‘Your Highness’ Isn’t

Since I have been semi-working as a movie reviewer lately, naturally upon completion of any film my companions immediately ask what I thought.  This is exactly my reply when Your Highness ended.  “It was nothing like I thought, I can’t believe it was ever made, and I’m horrified that they left it open for a sequel.”

To say that the trailers are misleading is a devastating understatement.  I can imagine the stricken parents silly enough to bring their children and teens to this movie.  If they were expecting an unrealistic farce and romp through the forest – well, they sure got that in spades.  But it was far from innocent.

I would like to say – in my own defense – that I am not a prude.  I don’t object to watching porn but I at least like to know it is porn before it starts.  And I think that is what – pardon the phrase – rubbed me the wrong way here.  The trailer(s) gave the impression of an adventure movie – although with no basis in reality – one in which an inept person has to try to save the world.  However, in this case that inept person happens to be Pee-Wee Herman.

I would also like to point out that “Your Highness” is in the same vain as ‘Cheech and Chong’ and if you are not a “pot-head” the majority of the “humor” will be lost on you.  The few giggles I was able to get paled in comparison to the number of times I uttered, “Oh hell no.”

I felt a bit queasy when leaving.  Some might say it was the yellow grease I put on my popcorn.  But I say, “No, sir.”

I feel sorry not only for everyone involved in this film – but also their families – to have their name permanently marred by this abomination.  But I also feel bad for my scarred retinas that now require a healthy dose of Winnie The Pooh to recover.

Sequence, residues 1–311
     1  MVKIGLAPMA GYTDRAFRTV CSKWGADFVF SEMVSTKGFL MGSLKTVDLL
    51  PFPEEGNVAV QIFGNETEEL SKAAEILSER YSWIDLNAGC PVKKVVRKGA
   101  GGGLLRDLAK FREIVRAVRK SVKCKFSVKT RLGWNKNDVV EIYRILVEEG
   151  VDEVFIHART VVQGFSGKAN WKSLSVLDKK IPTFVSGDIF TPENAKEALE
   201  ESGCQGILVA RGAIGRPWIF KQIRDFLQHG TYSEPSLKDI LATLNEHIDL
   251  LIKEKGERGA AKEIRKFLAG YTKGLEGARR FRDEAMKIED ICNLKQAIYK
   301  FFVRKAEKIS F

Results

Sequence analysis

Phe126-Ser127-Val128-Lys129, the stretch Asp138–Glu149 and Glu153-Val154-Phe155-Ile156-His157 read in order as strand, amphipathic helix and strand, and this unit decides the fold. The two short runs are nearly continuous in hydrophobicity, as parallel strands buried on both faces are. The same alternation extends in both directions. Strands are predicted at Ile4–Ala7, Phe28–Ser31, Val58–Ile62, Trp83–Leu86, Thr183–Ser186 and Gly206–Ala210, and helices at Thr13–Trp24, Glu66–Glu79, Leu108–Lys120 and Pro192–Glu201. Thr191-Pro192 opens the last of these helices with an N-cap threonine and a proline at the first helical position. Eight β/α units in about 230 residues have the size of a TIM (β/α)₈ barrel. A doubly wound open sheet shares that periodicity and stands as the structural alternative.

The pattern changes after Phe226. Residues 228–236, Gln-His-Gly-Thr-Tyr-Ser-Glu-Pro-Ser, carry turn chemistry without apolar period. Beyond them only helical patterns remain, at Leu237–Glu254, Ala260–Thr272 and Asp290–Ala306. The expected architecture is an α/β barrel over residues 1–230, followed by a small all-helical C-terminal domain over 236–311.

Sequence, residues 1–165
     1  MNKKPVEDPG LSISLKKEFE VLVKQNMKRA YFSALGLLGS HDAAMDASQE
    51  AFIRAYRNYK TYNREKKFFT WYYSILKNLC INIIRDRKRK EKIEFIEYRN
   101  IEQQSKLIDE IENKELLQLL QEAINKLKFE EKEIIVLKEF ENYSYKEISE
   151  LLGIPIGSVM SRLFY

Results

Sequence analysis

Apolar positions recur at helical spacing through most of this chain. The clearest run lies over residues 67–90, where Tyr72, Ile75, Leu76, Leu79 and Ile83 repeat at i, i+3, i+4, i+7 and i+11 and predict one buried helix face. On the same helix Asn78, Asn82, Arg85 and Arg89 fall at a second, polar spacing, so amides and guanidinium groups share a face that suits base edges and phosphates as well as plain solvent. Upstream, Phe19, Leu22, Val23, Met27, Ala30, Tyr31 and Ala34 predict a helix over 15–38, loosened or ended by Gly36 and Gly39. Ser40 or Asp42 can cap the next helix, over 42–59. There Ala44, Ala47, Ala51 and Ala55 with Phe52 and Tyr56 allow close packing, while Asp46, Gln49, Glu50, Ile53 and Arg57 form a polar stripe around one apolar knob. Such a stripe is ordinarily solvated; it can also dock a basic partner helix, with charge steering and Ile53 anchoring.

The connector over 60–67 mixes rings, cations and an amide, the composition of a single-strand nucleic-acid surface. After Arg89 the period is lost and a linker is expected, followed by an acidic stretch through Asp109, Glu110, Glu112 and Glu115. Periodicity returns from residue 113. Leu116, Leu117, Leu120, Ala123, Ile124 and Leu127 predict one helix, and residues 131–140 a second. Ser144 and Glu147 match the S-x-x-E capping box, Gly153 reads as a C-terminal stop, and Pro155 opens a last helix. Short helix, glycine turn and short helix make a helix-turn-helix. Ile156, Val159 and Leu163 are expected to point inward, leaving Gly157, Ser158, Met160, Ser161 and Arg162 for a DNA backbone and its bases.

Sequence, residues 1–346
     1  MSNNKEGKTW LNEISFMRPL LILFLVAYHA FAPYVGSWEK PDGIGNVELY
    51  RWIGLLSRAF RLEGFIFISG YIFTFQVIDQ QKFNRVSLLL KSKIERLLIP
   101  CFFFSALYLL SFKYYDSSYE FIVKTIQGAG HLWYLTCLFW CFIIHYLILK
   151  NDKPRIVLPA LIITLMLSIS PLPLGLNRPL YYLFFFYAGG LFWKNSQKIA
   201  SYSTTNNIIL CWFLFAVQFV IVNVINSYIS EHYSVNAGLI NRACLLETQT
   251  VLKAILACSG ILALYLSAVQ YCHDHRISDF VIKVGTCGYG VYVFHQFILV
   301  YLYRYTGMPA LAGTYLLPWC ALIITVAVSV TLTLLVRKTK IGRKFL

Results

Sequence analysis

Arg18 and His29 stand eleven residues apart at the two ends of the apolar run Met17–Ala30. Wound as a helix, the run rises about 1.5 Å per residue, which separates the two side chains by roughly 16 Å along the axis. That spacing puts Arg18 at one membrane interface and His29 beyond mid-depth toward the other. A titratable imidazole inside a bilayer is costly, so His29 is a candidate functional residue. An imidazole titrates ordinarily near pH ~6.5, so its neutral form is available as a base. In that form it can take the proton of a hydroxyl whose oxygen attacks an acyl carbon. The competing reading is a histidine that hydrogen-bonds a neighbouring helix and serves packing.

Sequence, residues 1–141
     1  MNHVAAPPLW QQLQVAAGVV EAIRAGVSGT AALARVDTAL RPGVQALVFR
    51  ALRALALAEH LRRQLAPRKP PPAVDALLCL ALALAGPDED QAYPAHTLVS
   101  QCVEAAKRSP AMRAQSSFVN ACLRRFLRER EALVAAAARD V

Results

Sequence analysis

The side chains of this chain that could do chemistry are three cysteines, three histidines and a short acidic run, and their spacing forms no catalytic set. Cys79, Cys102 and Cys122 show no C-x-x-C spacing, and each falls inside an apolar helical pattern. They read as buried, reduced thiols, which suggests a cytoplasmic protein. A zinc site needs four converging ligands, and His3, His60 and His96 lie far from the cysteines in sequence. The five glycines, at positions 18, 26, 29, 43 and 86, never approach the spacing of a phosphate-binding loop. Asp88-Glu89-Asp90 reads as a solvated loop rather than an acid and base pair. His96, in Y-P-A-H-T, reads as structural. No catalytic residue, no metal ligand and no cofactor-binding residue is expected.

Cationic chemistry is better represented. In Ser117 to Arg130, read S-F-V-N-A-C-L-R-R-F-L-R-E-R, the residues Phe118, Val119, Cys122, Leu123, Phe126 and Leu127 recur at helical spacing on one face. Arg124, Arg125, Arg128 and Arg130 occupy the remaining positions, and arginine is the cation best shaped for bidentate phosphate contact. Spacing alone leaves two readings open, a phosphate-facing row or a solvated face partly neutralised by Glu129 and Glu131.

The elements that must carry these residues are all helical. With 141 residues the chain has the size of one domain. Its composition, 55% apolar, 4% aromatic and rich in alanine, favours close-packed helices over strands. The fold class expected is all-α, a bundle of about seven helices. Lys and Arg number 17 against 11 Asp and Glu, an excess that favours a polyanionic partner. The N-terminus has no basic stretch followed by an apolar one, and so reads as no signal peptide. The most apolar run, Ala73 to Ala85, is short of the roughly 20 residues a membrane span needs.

I found it distressing to see someone of Natalie Portman’s caliber involved.  She is beautiful and an accomplished actress winning an Academy Award as well as having 23 other awards and 45 total nominations.  Why is she slumming it here?  And not to mention speaking of a beaver as anything other than a woodland creature.

The final item I would like to point out is this: A penis is not the most aesthetically pleasing item to begin with but then to have a giant half-mast Minotaur penis displayed prominently for the last twenty-plus minutes is also. . . um. . .

All I can say is, “Oh, for fuck’s sake.  Really?”

Is Brand’s ‘Arthur’ Better than Moore’s?

The 2011 remake of ‘Arthur’ is rather complex.  You can look at it in two distinct ways.  You can compare it to the original film, but you can also let it stand on its own and look at its’ individual merits.